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Iraq's Arbaeen pilgrims walk new, safer path

A new road is being built to make it easier for Shiite pilgrims to walk to Iraq's holy city of Karbala, where they commemorate the death of Imam Hussein Bin Ali.
An Iraqi man joins other pilgrims on the way to Karbala (100km south of
Baghdad) April 19, 2003, to celebrate the Shi'ite Ashoura. The traditional
pilgrimage has been banned in Iraq for more than 30 years. PP03040058
REUTERS/Petr Josek


KARBALA, Iraq — Ali Jaafar was all set to cross around 125 kilometers (78 miles) from his residence in al-Diwaniya city, south of Baghdad, to the holy city of Karbala on the holy day of Arbaeen to commemorate the death of Shiite Imam Hussein Bin Ali.

Imam Hussein was buried in Karbala after his murder in 685 A.D. by Yazid ibn Mouawiya’s army in the Battle of Karbala. Shiite Muslims from around the world perform a yearly pilgrimage on foot, weep at his grave and vow to defend his principles on Arbaeen. Thousands of people, including men, women, children and even handicapped people, participate in the annual event that has been celebrated since 2003. Before then, the pilgrimage was forbidden by Saddam Hussein’s regime.

Jaafar, like thousands of others, has gotten used to performing this annual pilgrimage. But, this year, the march will be easier, as a new road, dubbed “Ya Hussein,” has been constructed and designated for the Shiite pilgrims visiting the holy city.

Engineer Abu Haidar al-Mousawi, who worked on the road, told Al-Monitor, “The new road is destined for visitors crossing long distances on foot. It is not paved, but it is well leveled and covered with sand, adjacent to the main road that cars take.”

On the Hashimiya intersection, south of Babil, Haj Saad al-Yasiri told Al-Monitor that he had come from Basra on foot and crossed long distances on the road, adding, “Many parts of the road have been completed, and this is a beneficial project.” He went on, “I left Basra around two weeks ago, and I am still walking to Karbala. I hope to reach it before the commemoration. I will have to leave Iraq soon to treat my daughter, and I had to perform my religious duty prematurely.”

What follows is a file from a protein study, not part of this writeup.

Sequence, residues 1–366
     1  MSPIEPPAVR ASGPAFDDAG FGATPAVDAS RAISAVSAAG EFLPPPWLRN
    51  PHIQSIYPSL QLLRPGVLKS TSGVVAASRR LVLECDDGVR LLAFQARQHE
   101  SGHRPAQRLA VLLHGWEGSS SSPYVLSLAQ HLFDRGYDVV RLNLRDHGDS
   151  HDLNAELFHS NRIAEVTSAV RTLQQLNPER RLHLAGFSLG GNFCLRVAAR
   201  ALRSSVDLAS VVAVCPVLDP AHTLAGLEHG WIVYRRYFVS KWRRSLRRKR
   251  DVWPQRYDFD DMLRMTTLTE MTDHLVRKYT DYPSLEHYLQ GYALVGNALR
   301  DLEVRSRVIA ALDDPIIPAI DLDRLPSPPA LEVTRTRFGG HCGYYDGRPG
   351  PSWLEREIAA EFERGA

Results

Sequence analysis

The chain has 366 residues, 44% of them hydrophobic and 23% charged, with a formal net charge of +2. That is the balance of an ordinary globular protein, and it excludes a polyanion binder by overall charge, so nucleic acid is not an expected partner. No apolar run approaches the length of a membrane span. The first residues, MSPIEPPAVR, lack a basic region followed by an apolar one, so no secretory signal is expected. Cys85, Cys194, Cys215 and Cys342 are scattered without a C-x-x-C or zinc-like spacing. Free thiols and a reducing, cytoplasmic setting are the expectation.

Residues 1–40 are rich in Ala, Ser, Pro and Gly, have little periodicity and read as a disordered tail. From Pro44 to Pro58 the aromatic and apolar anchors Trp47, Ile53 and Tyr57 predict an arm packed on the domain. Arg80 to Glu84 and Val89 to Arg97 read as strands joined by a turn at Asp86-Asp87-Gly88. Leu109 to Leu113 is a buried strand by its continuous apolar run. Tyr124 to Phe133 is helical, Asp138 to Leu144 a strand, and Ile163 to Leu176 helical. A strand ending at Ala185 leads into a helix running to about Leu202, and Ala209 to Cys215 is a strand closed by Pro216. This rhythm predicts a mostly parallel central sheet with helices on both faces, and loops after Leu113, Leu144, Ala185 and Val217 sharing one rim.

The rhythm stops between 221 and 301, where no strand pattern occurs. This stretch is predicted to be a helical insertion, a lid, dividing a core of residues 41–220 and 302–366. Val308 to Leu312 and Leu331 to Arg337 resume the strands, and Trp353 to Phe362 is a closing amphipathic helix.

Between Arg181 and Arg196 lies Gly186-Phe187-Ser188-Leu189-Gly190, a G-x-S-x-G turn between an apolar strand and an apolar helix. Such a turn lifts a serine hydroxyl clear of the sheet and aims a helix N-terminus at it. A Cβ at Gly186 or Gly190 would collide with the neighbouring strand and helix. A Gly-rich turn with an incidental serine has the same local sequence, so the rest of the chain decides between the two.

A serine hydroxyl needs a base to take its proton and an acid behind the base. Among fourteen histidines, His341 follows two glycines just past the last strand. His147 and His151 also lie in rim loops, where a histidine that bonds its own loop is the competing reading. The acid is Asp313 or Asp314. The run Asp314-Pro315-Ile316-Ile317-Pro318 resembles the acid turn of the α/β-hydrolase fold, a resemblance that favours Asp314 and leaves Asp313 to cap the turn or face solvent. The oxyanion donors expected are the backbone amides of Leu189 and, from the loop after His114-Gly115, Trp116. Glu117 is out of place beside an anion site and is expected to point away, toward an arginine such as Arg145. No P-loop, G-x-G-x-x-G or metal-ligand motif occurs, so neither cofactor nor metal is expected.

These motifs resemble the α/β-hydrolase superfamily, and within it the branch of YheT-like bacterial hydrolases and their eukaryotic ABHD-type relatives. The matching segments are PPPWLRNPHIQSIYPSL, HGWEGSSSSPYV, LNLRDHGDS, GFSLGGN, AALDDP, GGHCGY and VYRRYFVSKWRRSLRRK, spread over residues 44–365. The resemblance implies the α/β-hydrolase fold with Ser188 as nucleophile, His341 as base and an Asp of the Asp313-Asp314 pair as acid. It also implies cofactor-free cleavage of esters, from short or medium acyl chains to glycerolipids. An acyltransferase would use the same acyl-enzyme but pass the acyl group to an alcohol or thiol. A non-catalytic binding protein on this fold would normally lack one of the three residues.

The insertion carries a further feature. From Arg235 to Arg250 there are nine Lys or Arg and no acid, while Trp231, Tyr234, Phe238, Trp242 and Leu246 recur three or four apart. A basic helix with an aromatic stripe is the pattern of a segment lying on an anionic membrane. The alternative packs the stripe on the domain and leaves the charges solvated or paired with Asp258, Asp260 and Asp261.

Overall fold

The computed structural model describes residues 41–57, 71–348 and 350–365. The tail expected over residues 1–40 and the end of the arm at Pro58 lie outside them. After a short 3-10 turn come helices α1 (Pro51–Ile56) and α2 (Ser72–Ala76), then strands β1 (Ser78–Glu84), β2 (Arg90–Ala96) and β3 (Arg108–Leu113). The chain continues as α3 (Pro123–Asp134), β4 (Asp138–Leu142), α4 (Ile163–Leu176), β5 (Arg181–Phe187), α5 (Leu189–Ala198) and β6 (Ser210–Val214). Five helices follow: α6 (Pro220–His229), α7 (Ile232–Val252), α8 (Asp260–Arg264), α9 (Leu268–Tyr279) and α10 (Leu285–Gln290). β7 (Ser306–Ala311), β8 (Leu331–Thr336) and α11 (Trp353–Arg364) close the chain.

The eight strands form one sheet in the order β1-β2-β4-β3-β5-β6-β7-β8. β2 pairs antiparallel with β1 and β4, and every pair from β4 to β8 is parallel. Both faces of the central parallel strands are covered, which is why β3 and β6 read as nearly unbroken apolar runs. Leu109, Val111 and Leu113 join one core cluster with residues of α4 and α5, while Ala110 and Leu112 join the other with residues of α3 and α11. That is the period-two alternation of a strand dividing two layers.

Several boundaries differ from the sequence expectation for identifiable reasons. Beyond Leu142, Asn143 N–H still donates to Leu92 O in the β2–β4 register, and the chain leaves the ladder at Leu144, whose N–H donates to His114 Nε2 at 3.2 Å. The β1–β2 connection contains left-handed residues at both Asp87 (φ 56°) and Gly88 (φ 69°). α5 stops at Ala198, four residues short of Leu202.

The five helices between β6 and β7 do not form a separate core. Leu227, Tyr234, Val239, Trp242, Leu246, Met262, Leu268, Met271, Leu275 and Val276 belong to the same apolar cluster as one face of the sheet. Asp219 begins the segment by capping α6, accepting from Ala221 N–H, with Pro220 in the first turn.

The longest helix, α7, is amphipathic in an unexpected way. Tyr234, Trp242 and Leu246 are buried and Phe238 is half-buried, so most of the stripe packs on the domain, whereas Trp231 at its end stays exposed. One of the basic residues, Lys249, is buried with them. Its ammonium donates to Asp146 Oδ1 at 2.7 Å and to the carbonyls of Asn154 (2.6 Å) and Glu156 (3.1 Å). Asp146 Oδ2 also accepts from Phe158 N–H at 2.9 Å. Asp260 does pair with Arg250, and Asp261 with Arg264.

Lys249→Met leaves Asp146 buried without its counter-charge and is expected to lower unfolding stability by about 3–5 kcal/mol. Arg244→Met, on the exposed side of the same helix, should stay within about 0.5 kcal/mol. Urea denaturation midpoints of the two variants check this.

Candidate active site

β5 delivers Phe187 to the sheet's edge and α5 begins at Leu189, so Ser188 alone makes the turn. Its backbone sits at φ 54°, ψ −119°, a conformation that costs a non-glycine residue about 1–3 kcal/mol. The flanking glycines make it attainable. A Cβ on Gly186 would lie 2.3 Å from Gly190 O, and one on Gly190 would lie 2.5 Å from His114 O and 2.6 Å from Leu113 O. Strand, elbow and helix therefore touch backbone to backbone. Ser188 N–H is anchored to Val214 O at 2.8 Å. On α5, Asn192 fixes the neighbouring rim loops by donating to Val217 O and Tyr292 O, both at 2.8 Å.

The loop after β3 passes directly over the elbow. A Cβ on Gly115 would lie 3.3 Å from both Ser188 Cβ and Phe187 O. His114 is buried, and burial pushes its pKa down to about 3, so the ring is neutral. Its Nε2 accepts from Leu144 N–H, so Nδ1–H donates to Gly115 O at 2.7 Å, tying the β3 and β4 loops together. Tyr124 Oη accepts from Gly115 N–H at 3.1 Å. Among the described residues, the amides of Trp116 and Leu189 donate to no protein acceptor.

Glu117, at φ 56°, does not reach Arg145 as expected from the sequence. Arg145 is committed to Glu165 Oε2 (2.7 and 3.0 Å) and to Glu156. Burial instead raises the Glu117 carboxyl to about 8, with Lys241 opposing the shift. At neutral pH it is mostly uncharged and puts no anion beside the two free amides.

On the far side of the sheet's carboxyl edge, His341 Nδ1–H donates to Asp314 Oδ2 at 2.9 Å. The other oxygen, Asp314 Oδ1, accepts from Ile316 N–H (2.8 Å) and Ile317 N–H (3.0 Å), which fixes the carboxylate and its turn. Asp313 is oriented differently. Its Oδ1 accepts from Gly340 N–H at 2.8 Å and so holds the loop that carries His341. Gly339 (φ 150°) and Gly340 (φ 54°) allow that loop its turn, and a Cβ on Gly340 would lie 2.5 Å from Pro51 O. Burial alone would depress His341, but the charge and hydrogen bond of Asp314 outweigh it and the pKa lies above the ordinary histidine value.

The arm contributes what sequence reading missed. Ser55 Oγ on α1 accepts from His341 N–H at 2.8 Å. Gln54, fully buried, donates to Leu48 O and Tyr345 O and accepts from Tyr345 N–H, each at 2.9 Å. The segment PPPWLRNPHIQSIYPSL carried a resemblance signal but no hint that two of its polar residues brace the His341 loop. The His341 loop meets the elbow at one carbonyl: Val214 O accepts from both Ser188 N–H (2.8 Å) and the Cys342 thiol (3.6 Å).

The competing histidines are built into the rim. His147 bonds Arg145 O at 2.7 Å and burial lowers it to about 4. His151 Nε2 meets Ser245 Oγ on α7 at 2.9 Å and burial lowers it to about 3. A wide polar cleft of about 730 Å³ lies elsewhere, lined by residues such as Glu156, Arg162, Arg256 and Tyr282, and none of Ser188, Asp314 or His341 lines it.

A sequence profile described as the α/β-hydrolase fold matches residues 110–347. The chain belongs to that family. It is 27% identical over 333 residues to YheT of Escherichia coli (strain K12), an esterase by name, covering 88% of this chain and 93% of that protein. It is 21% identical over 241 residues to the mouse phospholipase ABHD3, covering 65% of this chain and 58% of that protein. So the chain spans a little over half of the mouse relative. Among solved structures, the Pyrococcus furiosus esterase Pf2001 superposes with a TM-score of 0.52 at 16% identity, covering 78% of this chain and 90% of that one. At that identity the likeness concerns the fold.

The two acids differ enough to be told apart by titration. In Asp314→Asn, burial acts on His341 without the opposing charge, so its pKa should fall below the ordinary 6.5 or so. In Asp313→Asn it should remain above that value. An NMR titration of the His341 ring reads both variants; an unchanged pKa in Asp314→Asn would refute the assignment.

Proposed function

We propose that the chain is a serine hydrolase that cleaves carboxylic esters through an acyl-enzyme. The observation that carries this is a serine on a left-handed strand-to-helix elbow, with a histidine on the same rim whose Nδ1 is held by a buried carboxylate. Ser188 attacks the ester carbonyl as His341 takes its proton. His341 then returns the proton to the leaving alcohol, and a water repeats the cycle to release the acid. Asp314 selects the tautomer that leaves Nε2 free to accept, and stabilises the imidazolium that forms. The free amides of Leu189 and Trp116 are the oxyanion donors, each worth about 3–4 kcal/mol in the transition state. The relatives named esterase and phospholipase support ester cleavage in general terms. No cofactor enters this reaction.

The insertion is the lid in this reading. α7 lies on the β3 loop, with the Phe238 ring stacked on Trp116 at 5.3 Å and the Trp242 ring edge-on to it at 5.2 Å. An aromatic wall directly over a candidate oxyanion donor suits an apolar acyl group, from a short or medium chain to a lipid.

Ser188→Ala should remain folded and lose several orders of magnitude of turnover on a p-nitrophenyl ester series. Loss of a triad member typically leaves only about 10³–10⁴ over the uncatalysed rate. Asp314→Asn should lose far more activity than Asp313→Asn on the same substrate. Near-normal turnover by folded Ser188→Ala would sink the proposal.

Yasiri said, “The trend was for pilgrims coming from remote cities in the south and north to start their journey a month earlier to guarantee reaching the holy city days before the commemoration.”

Journalist and political analyst Jassem al-Moussawi told Al-Monitor, “This may be the first religious road in the world.” Noting its spiritual importance, he said, “This road unites people facing injustice and shows humanitarian solidarity through interaction between the poor and the rich and regular citizens and officials, because they all participate in this religious march.”

Umm Heidar, a housewife, told Al-Monitor that last year, she covered around 50 kilometers (31 miles) during her journey, which started from Hamza al-Gharbi city to Karbala. She walked through fields and villages instead of taking the main road, as most pilgrims do.

“Ya Hussein Road was not complete yet at the time, and I had to take the byroads, to which we had grown accustomed before 2003. The security officials in the former Iraqi regime, which forbade Shiites from performing this religious ritual, did not watch the byroads,” she said.

Umm Heidar, who is driven by her religious convictions to urge other people to walk to Imam Hussein’s tomb in Karbala, said, “People only need patience during their pilgrimage because food, drink, sleeping places and medical services are all available along the road, provided by volunteers who see to the needs of the pilgrims.”

All along the road, large tents have been set up for the pilgrims to sleep in. Volunteers supply whatever the travelers need.

Amer Abdullah, the former municipal manager of al-Shoumli district who works as an engineer in Hashimiya, told Al-Monitor, “The local governments have divided the road works, according to the road’s length within the borders of each district.” He went on, “The road is being paved with a mixture of sand and gravel, and it is estimated to be around 35 kilometers [22 miles] long in Babil. Service facilities have been established along the road for rest, prayer and sleep, in addition to bridges on the intersections.”

Cleric Hussein al-Khakani told Al-Monitor that the road has a deep religious symbolism, adding, “Many patients were healed after performing a pilgrimage to the holy city. These are miracles from Imam Hussein.” Amran Ali, who suffers from rheumatoid arthritis, told Al-Monitor, “I was completely healed after I walked to the holy city last year and crossed 50 kilometers [31 miles] in one day.”

Police Chief Adel al-Yasiri told Al-Monitor, “Thanks to the security detachments, which protect pilgrims from armed operations along the road, the road is easy to monitor.”

Many pilgrims have lost their lives during their pilgrimages to holy Karbala since 2003 in bombings and armed attacks.

The road has become a symbol of Shiite faith in Iraq. The Shiites have sought to build infrastructure that makes it easier for them to practice their religious rituals, away from attacks by the Islamic State, which targets Arbaeen pilgrims each year.

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